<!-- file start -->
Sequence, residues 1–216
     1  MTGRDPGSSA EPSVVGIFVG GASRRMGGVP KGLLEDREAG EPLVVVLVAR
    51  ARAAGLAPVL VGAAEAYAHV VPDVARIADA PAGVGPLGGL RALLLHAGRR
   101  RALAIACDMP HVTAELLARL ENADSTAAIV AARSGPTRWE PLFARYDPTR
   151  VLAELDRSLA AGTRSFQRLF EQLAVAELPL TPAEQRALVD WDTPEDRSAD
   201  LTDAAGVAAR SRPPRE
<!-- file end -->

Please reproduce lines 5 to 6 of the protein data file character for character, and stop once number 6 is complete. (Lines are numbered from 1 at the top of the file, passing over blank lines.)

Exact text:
   151  VLAELDRSLA AGTRSFQRLF EQLAVAELPL TPAEQRALVD WDTPEDRSAD
   201  LTDAAGVAAR SRPPRE